And you don’t feel you are equivocating? Do you honestly think that since the President did not ask for a formal declaration of war that those individuals caught fighting against the United States in Afghanistan were not caught on a “battlefield”? Because you seemed to have an issue with my use of the word battlefield.
    Similarly whenever you hear individuals discussing the Korean War and Vietnam War do you stop and correct them by telling them it was the Korean police action and the Vietnam conflict?

  139. I do not generally correct people on Korea and Viet Nam, but that is because they are not trying to draw legal implications from the use of those terms!

    I’m explicitly NOT equivocating. I’m asking the apologists and the outgoing (and incoming) administration to define it one way or the other: either this is a war, meaning that it has objectives for when it is complete (these require numbers, goals, steps, not nebulous impossibilities like “when all terror is gone”), that those captured are EPWs and will remain detained until the war is over (and then they are released…you know that, right?). Alternatively, this is a police action, wherein the offenders are placed under arrest and either held under a fair justice system is in place in the home country or they are subject to United States justice.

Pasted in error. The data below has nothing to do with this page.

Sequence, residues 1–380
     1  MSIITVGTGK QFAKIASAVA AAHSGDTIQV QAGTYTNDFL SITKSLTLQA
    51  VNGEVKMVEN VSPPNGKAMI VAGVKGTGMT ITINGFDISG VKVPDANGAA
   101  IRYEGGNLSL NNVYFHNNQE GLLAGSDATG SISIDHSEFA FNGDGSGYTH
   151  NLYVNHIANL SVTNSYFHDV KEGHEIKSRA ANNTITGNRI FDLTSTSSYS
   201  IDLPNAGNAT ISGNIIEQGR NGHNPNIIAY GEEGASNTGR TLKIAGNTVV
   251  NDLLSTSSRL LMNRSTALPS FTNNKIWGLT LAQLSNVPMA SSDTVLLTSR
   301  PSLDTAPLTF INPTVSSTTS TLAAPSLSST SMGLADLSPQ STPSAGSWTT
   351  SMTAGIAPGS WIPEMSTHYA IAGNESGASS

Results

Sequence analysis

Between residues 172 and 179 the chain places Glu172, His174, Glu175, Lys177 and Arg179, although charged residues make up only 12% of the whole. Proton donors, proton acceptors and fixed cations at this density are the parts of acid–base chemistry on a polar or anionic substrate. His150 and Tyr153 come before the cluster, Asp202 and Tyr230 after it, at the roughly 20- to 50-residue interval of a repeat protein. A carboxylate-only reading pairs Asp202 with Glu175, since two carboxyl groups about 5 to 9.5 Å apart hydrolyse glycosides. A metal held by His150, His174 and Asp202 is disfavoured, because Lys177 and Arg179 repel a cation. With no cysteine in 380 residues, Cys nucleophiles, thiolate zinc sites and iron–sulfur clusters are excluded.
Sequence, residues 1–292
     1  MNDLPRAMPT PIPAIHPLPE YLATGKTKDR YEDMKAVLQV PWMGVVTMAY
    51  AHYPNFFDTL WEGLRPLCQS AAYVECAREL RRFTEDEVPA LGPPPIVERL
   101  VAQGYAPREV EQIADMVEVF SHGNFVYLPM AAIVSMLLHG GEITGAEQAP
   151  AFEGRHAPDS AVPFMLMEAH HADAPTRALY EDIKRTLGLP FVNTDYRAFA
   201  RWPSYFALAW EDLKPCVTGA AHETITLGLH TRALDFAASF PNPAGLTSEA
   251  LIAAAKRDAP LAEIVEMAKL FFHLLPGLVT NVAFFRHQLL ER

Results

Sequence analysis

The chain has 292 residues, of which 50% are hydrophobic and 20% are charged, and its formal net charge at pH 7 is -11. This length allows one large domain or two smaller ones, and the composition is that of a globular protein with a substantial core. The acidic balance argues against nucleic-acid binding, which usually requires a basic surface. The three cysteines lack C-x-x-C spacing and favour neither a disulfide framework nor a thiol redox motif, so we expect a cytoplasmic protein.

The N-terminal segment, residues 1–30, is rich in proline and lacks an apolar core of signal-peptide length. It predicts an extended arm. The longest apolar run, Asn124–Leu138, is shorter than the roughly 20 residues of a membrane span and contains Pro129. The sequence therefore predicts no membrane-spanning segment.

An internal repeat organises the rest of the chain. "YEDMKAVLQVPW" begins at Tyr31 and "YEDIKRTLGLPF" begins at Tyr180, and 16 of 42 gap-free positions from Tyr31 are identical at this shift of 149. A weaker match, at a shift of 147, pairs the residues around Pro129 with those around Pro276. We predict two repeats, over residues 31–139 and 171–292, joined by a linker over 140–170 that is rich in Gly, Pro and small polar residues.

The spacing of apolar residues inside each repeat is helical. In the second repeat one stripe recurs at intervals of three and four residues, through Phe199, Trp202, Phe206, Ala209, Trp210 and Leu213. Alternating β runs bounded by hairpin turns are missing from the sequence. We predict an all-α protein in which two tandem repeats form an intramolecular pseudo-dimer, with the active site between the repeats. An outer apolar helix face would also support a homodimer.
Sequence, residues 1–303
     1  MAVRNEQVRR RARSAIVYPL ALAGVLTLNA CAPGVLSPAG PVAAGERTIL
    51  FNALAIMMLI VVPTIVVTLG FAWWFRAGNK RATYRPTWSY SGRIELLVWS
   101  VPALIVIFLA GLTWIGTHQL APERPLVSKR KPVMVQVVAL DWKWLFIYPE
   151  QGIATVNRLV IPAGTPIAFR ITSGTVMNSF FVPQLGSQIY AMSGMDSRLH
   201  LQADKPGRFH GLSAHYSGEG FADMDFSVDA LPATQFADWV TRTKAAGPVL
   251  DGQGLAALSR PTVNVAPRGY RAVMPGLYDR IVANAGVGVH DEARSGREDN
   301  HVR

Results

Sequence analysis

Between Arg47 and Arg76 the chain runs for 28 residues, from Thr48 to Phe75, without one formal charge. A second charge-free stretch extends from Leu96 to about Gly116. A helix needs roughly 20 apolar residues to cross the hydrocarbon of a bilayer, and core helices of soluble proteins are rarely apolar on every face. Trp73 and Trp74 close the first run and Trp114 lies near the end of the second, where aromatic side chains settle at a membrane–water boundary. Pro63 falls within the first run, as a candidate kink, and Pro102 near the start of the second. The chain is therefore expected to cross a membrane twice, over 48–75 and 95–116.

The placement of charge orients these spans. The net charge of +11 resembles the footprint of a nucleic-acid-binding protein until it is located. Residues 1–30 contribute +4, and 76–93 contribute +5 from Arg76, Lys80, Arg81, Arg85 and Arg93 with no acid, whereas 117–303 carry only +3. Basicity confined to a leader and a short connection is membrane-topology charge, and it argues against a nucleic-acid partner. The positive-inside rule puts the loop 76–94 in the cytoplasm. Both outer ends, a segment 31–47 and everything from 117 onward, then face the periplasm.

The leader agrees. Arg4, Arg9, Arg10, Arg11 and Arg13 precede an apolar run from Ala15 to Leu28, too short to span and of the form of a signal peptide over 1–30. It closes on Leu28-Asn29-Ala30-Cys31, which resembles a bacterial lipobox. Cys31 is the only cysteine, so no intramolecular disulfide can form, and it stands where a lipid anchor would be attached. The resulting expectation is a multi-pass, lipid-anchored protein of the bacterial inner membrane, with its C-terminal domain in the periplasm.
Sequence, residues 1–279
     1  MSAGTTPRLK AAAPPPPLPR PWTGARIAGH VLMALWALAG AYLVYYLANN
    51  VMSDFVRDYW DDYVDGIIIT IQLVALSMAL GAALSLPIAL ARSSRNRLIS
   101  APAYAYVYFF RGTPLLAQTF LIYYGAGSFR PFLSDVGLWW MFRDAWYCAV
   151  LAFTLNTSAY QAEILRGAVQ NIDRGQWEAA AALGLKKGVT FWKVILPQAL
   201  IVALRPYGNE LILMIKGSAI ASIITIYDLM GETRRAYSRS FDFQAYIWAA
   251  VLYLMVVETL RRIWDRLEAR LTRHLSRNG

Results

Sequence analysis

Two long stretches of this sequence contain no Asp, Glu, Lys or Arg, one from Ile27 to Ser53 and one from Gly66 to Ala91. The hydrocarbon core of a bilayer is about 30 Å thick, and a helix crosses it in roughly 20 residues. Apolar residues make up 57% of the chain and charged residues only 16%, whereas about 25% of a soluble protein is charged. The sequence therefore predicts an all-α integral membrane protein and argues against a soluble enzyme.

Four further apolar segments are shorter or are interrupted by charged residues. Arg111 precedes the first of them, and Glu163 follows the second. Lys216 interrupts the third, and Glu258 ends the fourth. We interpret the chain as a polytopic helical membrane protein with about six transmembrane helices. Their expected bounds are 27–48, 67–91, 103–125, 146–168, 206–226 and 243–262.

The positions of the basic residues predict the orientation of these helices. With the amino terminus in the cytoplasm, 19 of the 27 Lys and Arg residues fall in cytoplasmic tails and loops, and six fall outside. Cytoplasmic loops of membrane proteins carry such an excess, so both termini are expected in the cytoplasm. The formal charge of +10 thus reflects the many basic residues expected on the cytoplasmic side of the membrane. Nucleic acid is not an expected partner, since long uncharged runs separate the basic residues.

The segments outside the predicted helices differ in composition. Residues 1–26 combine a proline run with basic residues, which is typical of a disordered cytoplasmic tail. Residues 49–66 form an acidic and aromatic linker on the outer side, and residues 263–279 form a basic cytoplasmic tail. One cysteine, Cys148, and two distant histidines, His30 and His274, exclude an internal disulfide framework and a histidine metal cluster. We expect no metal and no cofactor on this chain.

The Administration is trying to make up law as they go; they want their cake and to eat it, too. They want this to be a war, with all of the emergency powers and use of Soldiers and soaring rhetoric that entails, but they do not want to follow the commensurate laws.

  140. Those that were/are detained at Guantanamo were not fighting under a particular countries flag, nor were they wearing a uniform when detained, thus the designation of POW is not valid, or at least it wasn’t until recently.

  141. That first sentence should read country’s, not countries.
    And I would like to add that multiple cases clarifying what is legal, illegal, appropriate etc. have been decided during Bush’s tenure. To act like everything was so clear cut before hand is quite simply false.